Overhead Expense Insurance – Income Replacement Part 5

Jul 8, 2024 | AEB Insights, Employee Benefits

Overhead Expense Insurance

Help businesses keep their door open during a disability.” [1]

Source: Principal 

Overhead Expenses (OE) insurance is a type of disability insurance policy written for a business owner to reimburse the business for covered expenses if the business owner becomes disabled—too sick or injured to work (even remotely).  When Key Person Insurance is not an ideal match for business needs (see Part 4 of this series), considering this overhead expense coverage may keep the business doors open should its owner be temporarily disabled.

The State of Ohio allows Overhead Expense Insurance, and this is important as not all states do. Such policies, when premiums are paid, are not cancelable, and renewal is guaranteed up to the business owner’s age 65 policy anniversary or for five years from the policy date, whichever comes later. Again, this could potentially vary by carrier and policy.

There is also a caveat on the eligible occupation classes 3A and above.  See Table 1 below.

As a business strategy, this coverage can keep the doors open and ensure that the business remains financially sound should it be necessary to sell.

Expenses covered are normally those that are deductible for federal income-tax purposes and may include but are not limited to the following —all subject to the individual policy and carrier.  Typically, mortgage or rent, salaries, wages, benefit payments, employment taxes for employees, rent and lease payments for furniture, equipment, and premises. Utility costs include phone, internet, electricity, heat, and water, as well as janitorial and maintenance service costs.  Other types of insurances such as malpractice might also be covered.

Some overhead coverages offer a “Salary Replacement Rider”  that reimburses the business for costs associated with hiring [1] or even training a capable replacement to keep the business operational. This is not the same as key person disability insurance, which could potentially cover the salary of the disabled business owner. An important distinction is that overhead expense coverage with a “Salary Replacement Rider” could provide funds to pay the salary of a replacement for the disabled owner rather than the salary of the disabled business owner.

About This Income Replacement Insights Series:

This is the fifth and last in a 5-part series of Insight articles that examines a specialized type of disability insurance covering Overhead Expenses with specialized insurance. These are the series topics:

  • Disability Insurance Overview – Income Replacement Part 1
  • STD (Short-Term Disability) Insurance – Income Replacement Part 2
  • LTD (Long-Term Disability) Insurance – Income Replacement Part 3
  • Key Person Disability Insurance – Income Replacement Part 4
  • Overhead Expense Disability Insurance – Income Replacement Part 5 – you are here

Overhead Expense Insurance - AEB Insights Income Replacement Part 5 - this business is permanently closed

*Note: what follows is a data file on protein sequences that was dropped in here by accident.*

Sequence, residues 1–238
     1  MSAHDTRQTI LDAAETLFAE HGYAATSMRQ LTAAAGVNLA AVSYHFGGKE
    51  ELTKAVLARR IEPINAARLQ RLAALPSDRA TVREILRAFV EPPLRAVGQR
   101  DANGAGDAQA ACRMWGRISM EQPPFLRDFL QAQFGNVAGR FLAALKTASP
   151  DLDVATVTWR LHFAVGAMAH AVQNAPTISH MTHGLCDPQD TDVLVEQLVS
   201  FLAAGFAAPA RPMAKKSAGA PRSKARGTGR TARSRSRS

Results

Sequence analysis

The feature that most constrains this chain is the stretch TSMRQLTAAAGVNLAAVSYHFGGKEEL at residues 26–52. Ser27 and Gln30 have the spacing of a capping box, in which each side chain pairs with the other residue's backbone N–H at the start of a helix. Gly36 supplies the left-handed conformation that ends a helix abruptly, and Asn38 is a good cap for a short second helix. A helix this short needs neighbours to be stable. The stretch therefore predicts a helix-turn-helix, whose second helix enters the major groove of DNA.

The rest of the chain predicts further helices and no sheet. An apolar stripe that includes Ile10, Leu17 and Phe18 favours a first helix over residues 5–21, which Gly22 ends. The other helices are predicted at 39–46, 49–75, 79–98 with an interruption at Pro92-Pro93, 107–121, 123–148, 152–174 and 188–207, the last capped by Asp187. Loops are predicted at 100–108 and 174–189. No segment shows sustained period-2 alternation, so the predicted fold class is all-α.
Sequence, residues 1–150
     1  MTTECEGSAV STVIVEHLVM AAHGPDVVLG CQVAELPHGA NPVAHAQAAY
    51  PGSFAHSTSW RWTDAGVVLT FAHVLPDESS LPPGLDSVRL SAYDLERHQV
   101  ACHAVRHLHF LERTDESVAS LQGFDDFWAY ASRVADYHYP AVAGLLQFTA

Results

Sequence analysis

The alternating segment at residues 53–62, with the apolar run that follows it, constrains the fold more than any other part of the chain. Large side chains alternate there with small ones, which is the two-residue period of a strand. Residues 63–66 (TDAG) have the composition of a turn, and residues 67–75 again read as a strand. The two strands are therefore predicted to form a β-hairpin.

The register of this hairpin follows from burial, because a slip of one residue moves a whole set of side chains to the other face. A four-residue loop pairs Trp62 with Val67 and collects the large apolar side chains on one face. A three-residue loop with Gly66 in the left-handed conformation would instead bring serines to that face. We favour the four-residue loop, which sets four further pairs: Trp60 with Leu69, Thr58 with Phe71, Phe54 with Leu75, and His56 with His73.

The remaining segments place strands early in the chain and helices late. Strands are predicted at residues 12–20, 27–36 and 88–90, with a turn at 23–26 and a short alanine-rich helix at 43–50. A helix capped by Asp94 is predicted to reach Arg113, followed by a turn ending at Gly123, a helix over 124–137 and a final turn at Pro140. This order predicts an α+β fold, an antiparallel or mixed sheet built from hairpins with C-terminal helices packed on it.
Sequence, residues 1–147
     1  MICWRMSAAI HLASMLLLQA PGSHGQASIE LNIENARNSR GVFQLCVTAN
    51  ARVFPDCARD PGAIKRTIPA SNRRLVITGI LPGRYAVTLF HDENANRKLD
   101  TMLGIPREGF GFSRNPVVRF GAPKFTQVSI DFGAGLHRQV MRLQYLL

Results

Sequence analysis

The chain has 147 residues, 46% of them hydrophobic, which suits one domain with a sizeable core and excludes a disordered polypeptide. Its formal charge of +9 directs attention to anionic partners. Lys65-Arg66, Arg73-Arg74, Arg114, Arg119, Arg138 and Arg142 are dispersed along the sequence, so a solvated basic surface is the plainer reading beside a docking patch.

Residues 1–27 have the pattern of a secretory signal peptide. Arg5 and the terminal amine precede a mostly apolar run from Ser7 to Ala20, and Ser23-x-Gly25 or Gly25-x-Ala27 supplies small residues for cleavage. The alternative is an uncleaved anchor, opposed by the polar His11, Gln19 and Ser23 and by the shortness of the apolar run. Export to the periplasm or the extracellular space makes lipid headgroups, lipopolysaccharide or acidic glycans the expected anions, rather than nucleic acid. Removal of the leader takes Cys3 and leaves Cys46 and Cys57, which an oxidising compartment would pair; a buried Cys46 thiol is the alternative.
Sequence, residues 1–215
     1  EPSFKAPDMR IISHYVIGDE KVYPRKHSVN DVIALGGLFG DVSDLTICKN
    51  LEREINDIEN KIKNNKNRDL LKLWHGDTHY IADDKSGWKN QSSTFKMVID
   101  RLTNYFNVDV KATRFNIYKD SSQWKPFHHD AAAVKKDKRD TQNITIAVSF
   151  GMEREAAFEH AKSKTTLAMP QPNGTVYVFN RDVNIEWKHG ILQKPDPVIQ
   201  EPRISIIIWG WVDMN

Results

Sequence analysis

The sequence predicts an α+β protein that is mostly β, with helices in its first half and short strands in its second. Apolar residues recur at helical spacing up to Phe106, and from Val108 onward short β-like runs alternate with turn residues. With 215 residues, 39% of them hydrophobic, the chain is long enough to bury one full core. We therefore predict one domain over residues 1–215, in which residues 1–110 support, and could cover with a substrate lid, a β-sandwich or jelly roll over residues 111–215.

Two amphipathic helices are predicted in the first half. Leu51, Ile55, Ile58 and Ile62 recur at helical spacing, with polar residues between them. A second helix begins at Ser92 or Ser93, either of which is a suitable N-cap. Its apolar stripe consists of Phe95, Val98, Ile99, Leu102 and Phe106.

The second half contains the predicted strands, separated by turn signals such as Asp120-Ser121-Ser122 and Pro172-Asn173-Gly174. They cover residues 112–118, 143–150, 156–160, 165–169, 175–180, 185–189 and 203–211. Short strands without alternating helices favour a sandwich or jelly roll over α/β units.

Table 1 – Eligible Occupation Classes

Occupation ClassDescription
3AMost professionals and managers — office duties only; with travel
4AMost professionals and managers — office duties only; no extensive traveling
5ASelect professionals and managers with most favorable underwriting and claims experience

Table 2 – Ineligible Occupation Classes

Occupation ClassDescription
ACertain skilled trades & supervision (foreman) and some medical support personnel.  Work is often performed in a shop, medical facility, retail establishment or outdoors using light machinery; direct supervision of personnel performing manual duties; chiropractors
BPersonnel engaged in heavy manual duties; skilled and unskilled occupations (laborer)
2APersons engaged in social service, medical support, clerical, selected commission sales or office or retail setting; light manual duties

How Much Coverage is Provided?

Specifications will vary from carrier to carrier.  Benefits can range from 12 to 30+ times covered expenses up to a maximum of $50,000 per month (for most policies). Further, elimination (waiting) periods can range from 30 to 90 days.

Options described below are not necessarily available with all carriers and policies. Still, they are outlined in the table below to inform about possibilities and topics for discussion with AEB during the Strategic Plan Design phase of a Benefits design process.

Overhead Expense Policy Options to Explore

OE Options to ExploreDescription
Renewable after age 65A Renewal Option may continue the policy beyond the termination date if the owner works at least 30 hours per week and is not disabled at the time of the request. Certain limitations apply.
Total Disability BenefitIf enabled, the policy would pay benefits if the insured cannot work in his or her regular occupation because of a total disability, as defined by the policy.
Partial Disability BenefitIf enabled and the owner is partially disabled, the policy could reimburse  50 percent of the covered business expenses (up to the policy maximum) for up to six months.